The Importance of Rack Hygiene in High Density Data Centers

No matter how well a containment system is built and installed, its benefits can be reduced or negated if good “rack hygiene” practices are not followed. (Source: TechnoGuard)









































































































































































































This week we complete our series of articles on the challenges of cooling IT equipment in high-density environments by exploring the importance of rack hygiene and the energy efficiency cost of air leakage.

Get the full report.

No matter how well a containment system is built and installed, its benefits can be reduced or negated if good “rack hygiene” practices are not followed. Poor practices can lead to extreme cases of cabinet recirculation, causing ITE inlet temperatures to rise 10 to 30°F above the cold aisle supply temperature.

Here are the basics that are relatively easy to implement, and at little to no cost.

  • Use horizontal blanking plates for all voids between ITE
  • Whenever possible, keep the ITE at the bottom of the rack (especially important for unconfined or partial containment (end of aisle doors).
  • Use vertical blanking components (soft seals or brushes if the cables from the back must pass through the front of the ITE)
  • Practice rear cable management to avoid blocking airflow. Use shorter cables (power and network) whenever possible.
  • Install brushed collars (or similar devices) for all underfloor openings for power and network cables

In cases where there is a significant disparity in watt density and exhaust airflow between opposing cabinets in a common hot aisle, the higher volume and velocity of airflow exiting cabinets at high wattage can prevent low-density cabinets from allowing hot air to fully escape. cabinets that can cause them to overheat. If this happens, an upward facing rear baffle on the higher density cabinet (or both cabinets) will help alleviate this problem.

If the cabinet overheats, an upward facing rear baffle on the higher density cabinet (or both cabinets) will help alleviate this problem.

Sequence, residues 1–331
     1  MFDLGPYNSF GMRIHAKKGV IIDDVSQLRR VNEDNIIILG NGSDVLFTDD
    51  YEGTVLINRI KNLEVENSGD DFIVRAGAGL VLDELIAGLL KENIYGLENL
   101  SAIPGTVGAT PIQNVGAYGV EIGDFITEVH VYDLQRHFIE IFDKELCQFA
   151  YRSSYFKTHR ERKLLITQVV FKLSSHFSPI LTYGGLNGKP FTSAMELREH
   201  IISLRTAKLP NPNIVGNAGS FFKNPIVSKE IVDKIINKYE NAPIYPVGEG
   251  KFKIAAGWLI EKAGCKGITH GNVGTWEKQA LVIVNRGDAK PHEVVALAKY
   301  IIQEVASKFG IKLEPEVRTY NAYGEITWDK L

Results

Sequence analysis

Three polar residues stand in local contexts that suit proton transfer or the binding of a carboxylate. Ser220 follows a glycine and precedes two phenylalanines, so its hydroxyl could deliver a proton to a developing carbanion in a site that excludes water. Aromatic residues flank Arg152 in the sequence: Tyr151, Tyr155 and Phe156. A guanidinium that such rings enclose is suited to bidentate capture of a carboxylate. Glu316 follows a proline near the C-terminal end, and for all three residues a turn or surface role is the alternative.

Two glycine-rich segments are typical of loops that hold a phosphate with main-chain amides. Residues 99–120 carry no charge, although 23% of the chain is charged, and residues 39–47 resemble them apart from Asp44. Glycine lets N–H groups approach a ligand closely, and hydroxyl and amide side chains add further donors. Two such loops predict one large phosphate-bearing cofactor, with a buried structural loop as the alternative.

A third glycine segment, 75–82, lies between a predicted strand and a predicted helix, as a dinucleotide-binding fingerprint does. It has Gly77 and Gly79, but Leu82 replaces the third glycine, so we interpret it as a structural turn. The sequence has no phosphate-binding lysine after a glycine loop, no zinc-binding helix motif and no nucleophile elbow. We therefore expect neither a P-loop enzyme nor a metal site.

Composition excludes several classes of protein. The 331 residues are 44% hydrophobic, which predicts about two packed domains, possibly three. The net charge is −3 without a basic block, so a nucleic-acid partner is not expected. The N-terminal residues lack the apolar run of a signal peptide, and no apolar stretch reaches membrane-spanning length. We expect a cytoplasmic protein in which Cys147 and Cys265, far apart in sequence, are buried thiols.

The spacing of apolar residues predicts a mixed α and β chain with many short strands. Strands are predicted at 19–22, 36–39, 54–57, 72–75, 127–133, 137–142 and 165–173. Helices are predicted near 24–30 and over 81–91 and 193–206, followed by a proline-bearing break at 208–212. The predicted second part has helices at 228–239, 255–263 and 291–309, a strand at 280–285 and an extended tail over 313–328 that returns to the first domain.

Air Leakage Energy Efficiency Cost

MoFlo, courtesy of TechnoGuard

This is because any supply airflow to the cooling system that does not pass solely through the ITE is considered bypass airflow and a waste of cooling and ventilation energy. This is also called overfeeding or overventilation. Although it is nearly impossible to accomplish this in practice, to ensure that ITE airflow requirements are met, a certain amount of oversupply is required. However, unnecessary and avoidable leaks should be controlled to the extent possible or practical in high density environments.

Although we have discussed the technical aspects of airflow management, this also directly translates to an increase or decrease in fan power consumption and energy cost (see Fan Laws ).

Fan Laws

There are three basic fan laws, which express how the change in relative fan speed, static pressure, and horsepower (horsepower) interact.

fan law 1

The change in fan speed is proportional to the change in airflow

fan law 2

The change in static pressure (increase/decrease) with the square of the change in airflow

fan law 3

Fan power (increases/decreases) with the cube* of the change in airflow (fan speed). (*in reality, the exponent of the actual fan curve may be slightly lower than the exponent of a “3” cube)

The graph in Table 9 shows how bypass airflow can impact fan energy.

high density

Table 9 – A hypothetical example of relative airflow versus fan power, simplified for clarity* (in reality, the exponent of the actual fan curve will be slightly lower than the exponent of the cube “3 “)

  • Assumptions (simplified for clarity)
    • Cooling system design Rated critical load of 1000 kW
    • 12 Units Full N+2 Redundancy
    • Normal conditions: Total of 12 CRAH
    • Failure mode: 10 CRAHs required for critical cooling unit specifications
    • Cooling design capacity of cooling unit 100 kW – Fan rated at 15,000 CFM fan power 10 kW
    • Cooling load 100% DT 25°F (126 cfm/kW) 126,000 CFM: no leaks
    • 90% load IT (900 kW) IT DT 25°F (126 cfm/kW) total required 113,400 CFM
  • Design versus actual operating conditions: As shown in Table 9, a bypass airflow of 20% increases power consumption and fan cost by 83% (compared to a theoretical perfect match between CFM and DT of the computer equipment cooling system). While in reality it is virtually impossible for a perfect airflow match to occur in an actual data center, the exponential nature of the fan’s third law shows the significant penalty or benefit in mitigating leaks. which increase bypass airflow.

Download the full article, “High Density IT Cooling – Breaking Thermal Boundaries” Courtesy of TechnoGuard, for exclusive content including what to look for when selecting a data center provider.

Ramon J. Espinoza